The potential of polyhalite, a natural mineral consisting of K2O, SO3, MgO, and CaO at 14%, 48%, 6%, and 17%, respectively, to become a slow-release multi-nutrient fertilizer was the focus of the present study. Fertilizer solubility, and hence the potential availability of its various constituent minerals, was investigated in both a laboratory test and a field experiment. In the laboratory test, the potassium (K) and magnesium (Mg) salts were completely dissolved, while the calcium (Ca) salts displayed significantly limited solubility. In the field experiment, under repeated cycles of wetting that simulate successive rainfall events, all polyhalite constituents were between 75-100% dissolved following 300 mm of accumulating water application, in the order of K>Mg>S>Ca. Significant differences in solubility occurred with the rising amounts of water application up to 800 mm. While K and Mg displayed no or negligible residues, S dissolution was very gradual, and Ca residues remained constant. Supported by previous studies, the present study demonstrates that polyhalite dissolution in water takes longer and requires larger water volumes compared to other soluble fertilizers. This advantage reduces possible risks of damage due to over-fertilization and enables the application of polyhalite as a slow-release substance.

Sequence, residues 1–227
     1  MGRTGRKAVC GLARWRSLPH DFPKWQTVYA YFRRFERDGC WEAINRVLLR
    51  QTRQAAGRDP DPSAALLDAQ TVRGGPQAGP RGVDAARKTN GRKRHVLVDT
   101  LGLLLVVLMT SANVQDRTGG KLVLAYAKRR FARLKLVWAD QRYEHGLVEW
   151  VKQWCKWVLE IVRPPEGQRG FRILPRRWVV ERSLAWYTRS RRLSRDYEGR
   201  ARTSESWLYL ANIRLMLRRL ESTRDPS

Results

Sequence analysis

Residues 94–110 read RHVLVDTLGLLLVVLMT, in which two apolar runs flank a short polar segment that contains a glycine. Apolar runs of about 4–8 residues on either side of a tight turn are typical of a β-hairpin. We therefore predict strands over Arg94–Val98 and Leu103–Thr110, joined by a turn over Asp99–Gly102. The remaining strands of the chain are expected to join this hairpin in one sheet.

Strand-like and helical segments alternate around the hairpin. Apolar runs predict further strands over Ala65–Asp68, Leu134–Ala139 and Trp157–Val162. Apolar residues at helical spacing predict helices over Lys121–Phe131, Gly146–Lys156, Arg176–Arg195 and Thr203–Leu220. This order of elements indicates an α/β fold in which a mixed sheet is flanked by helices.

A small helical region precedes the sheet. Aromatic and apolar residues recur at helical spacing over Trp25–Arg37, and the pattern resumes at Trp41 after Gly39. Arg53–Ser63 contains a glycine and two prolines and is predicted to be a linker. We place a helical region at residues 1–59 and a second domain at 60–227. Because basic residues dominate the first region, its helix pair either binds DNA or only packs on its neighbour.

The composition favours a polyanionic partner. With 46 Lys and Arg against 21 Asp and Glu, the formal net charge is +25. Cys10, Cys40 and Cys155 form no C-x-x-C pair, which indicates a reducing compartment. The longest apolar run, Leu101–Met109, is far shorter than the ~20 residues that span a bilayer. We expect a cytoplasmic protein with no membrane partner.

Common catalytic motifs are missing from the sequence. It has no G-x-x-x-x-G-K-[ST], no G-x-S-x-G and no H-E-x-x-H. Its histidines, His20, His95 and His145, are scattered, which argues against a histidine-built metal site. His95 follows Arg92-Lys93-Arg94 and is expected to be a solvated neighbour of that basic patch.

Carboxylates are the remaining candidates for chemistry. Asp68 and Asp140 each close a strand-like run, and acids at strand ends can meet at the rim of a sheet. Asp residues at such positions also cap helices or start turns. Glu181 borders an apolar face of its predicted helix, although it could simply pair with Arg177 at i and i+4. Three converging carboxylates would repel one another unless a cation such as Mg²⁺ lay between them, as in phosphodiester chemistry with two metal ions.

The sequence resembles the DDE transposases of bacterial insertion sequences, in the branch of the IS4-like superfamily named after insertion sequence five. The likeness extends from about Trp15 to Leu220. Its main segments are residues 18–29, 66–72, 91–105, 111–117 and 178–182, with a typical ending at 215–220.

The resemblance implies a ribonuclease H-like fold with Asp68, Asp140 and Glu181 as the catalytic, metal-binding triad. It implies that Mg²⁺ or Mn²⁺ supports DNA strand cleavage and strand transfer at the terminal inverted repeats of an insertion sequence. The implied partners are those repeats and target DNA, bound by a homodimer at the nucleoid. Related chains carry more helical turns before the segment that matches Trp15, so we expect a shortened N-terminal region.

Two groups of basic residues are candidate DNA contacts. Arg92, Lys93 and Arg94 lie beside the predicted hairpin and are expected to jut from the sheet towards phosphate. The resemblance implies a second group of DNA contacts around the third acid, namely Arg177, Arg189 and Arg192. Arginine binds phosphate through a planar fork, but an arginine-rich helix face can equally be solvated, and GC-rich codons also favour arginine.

Keywords: Calcium; fertilizer; magnesium; polyhalite; potassium; sulfur.
Yermiyahu, U.(1)*, I. Zipori(1), C. Omer(1), and Y. Beer(2)
(1)Gilat Research Center for Arid and Semi-Arid Agricultural Research (GCASAR), Agricultural Research Organization, Mobile Post Negev 2, 85280, Israel
(2)ICL Specialty Fertilizers, Israel
*Corresponding author: firstname.lastname@example.org
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